What does it take to run an Emmy-winning show? How do producers who run these shows coordinate logistics and collaborate with talent and guests? And, most important, why do they do it?

Abbey LeVine, an Emmy-nominated producer, and member of the Directors Guild of America and Academy of Television Arts and Sciences, finds purpose in being a portal to help people give a voice to their own narrative in documentary, news, and unscripted broadcast content. After three decades as a working professional producer, LeVine has crafted a mindset that is agile, attentive, and adaptable. She says this has kept her relevant in an industry that doesn't always retain top talent because of its rigorous work environment. 

Location matters, LeVine suggests. She got the production bug at the age of 16 after attending a game show taping in Los Angeles. The buzz of Hollywood was palpable. Realizing Los Angeles and New York City are prime locations for production, LeVine transferred from the University of Miami to Syracuse University in her junior year to position herself closer to a city that is an industry hub.

LeVine started her career as an intern at Good Morning America, part of ABC News, when a professor at Syracuse recommended her for the position. She had hoped that the internship would materialize into a full-time role when she graduated, but despite a successful experience and meeting plenty of people, the stars didn't align. It was a good lesson for building thick skin in the business.

She did not lose hope and kept her eye out for opportunities at ABC News while she honed her craft by contributing to talk shows, true crime programs, and even reality TV. And at the beginning of 2021, she was asked to join ABC News' 20/20 as a producer, where she is currently channeling her expertise and talent into a legacy American institution and says she feels she has found her work home.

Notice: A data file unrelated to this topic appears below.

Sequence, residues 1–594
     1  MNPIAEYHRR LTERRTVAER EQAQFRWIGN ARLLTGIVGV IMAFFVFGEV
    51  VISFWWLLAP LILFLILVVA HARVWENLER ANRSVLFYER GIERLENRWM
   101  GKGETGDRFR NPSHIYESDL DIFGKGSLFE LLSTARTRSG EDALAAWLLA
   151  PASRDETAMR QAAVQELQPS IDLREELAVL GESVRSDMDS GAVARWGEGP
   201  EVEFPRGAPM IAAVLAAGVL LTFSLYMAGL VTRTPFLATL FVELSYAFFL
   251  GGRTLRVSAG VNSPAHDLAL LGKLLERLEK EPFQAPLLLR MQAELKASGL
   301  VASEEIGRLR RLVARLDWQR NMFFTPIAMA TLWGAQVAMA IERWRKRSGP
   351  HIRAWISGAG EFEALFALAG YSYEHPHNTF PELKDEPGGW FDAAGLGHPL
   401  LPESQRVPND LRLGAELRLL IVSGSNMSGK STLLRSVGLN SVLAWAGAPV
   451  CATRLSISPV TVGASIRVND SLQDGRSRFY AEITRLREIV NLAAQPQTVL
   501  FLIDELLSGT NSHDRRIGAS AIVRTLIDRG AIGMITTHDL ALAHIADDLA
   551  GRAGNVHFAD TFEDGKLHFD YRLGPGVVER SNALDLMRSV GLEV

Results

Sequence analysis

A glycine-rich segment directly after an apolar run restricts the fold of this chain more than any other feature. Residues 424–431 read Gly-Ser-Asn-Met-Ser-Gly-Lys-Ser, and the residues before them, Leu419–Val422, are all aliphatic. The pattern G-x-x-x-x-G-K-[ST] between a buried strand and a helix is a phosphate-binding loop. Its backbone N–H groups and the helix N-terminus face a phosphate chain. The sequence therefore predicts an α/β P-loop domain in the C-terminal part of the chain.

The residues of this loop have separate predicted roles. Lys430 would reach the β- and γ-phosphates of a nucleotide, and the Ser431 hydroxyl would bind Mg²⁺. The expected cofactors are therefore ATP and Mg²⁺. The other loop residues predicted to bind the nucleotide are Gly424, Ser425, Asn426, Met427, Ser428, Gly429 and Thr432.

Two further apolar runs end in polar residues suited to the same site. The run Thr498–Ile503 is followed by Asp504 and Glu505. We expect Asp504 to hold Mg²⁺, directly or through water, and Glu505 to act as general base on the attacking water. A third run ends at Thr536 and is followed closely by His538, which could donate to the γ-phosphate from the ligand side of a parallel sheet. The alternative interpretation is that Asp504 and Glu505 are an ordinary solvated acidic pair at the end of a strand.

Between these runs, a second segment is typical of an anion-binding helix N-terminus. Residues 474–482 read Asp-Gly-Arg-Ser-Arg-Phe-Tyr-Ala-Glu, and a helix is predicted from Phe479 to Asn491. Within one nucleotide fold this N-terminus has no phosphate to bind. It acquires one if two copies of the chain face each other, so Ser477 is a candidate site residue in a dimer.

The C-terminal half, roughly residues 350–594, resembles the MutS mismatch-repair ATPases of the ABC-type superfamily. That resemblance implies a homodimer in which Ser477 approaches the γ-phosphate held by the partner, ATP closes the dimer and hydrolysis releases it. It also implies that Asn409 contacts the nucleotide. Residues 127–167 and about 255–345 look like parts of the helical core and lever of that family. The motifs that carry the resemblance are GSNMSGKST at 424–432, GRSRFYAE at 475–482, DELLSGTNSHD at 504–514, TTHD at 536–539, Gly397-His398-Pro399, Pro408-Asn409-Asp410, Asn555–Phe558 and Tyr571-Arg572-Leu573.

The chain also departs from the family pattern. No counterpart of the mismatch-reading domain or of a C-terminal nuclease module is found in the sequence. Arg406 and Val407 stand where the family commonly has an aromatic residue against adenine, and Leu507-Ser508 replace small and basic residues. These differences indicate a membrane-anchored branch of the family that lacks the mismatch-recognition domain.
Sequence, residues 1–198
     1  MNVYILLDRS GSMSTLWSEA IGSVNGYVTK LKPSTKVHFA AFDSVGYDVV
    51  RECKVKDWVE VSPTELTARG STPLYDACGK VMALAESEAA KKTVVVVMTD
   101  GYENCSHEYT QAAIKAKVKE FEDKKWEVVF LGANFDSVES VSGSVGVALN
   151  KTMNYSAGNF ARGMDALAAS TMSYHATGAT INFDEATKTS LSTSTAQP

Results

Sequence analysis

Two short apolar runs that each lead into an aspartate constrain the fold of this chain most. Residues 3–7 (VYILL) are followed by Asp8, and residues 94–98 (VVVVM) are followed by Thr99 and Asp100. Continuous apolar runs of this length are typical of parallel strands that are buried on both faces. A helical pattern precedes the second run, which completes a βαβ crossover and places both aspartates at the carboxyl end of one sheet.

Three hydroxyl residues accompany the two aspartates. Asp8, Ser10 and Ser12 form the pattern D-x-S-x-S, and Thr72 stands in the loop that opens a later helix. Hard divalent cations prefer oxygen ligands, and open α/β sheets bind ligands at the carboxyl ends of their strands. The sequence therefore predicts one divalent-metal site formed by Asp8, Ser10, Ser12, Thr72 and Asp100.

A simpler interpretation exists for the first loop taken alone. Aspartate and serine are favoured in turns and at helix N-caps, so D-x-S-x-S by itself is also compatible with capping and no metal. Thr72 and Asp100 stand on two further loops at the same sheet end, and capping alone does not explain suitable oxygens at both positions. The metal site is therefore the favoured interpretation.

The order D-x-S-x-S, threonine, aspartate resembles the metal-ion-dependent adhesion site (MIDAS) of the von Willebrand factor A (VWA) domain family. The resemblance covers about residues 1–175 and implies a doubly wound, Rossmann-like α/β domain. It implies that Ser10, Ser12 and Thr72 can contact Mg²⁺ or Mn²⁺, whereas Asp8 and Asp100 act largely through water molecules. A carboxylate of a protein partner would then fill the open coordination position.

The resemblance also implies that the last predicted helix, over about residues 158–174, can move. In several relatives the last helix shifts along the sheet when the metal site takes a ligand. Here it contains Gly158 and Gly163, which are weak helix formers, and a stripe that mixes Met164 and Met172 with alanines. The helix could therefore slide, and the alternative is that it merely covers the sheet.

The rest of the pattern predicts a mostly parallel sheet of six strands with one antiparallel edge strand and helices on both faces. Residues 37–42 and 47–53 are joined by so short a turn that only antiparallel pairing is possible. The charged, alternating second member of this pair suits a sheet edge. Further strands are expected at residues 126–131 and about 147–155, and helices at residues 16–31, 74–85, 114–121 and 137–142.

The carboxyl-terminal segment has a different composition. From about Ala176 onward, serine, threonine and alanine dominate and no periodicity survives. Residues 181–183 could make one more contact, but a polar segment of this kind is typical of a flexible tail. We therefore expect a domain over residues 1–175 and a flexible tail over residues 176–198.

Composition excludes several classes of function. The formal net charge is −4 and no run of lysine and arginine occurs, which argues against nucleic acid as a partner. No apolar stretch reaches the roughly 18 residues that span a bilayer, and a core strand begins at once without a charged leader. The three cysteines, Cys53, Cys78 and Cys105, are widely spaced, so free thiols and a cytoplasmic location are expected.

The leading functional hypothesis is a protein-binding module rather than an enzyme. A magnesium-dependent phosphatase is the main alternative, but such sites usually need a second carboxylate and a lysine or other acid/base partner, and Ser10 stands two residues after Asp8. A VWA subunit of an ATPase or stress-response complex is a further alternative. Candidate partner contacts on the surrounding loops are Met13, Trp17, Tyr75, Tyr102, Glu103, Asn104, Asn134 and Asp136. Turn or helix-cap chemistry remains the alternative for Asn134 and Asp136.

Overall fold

A producer's primary job is to build relationships with talent and guests to a point that they forget they are even on camera. This partnership must exemplify integrity, which cultivates trust. The shows with loyal viewers and engaging content have producers who intuitively know this secret and leverage it, because it is only then that the original message and intent of the talent and guests is seamlessly translated onto the screen.  

Growth on the job is another piece of the production puzzle. Perfection is not the goal.  Making television is an art, not a science. Therefore, the vulnerability of speaking up and offering ideas that may be brilliant or may bomb is part of the process. So willingness to both lead and learn at the same time, LeVine says, keeps her grounded and focused on both meaningful programming and an enjoyable work environment.

LeVine chuckles and says TV is her longest lasting relationship. More than her ex-husband or certain friends, television has been consistent and loyal to her. It has opened doors for her to film in 13 countries and 48 states. She says television has given her access and an insider's perspective while filming. Part of the excitement is the variety -- one day at a women's prison and then jumping on a plane to Australia to spend the next four days documenting Lady Gaga on tour. 

While working in the media can be rewarding and exciting, sometimes it is not stable.  LeVine chose to diversify her résumé and found that one way to move up was to move around. So she helped launch many successful shows, before landing at 20/20, which is currently in its 44th season. But, she admits, there were long stretches between jobs sometimes, especially with the more prominent positions, like showrunner. 

Television producers create programming that ideally envelopes the mind and senses. If done well, it allows the viewer to plug into the story and expand their own perspectives.  Behind the scenes, it takes hundreds of hours to craft these moments before they make it to the screen. But the business of storytelling can be incredibly powerful and rewarding. So if grit, the spirit of inquiry, and being a portal for others' narratives sounds like you, give it a try.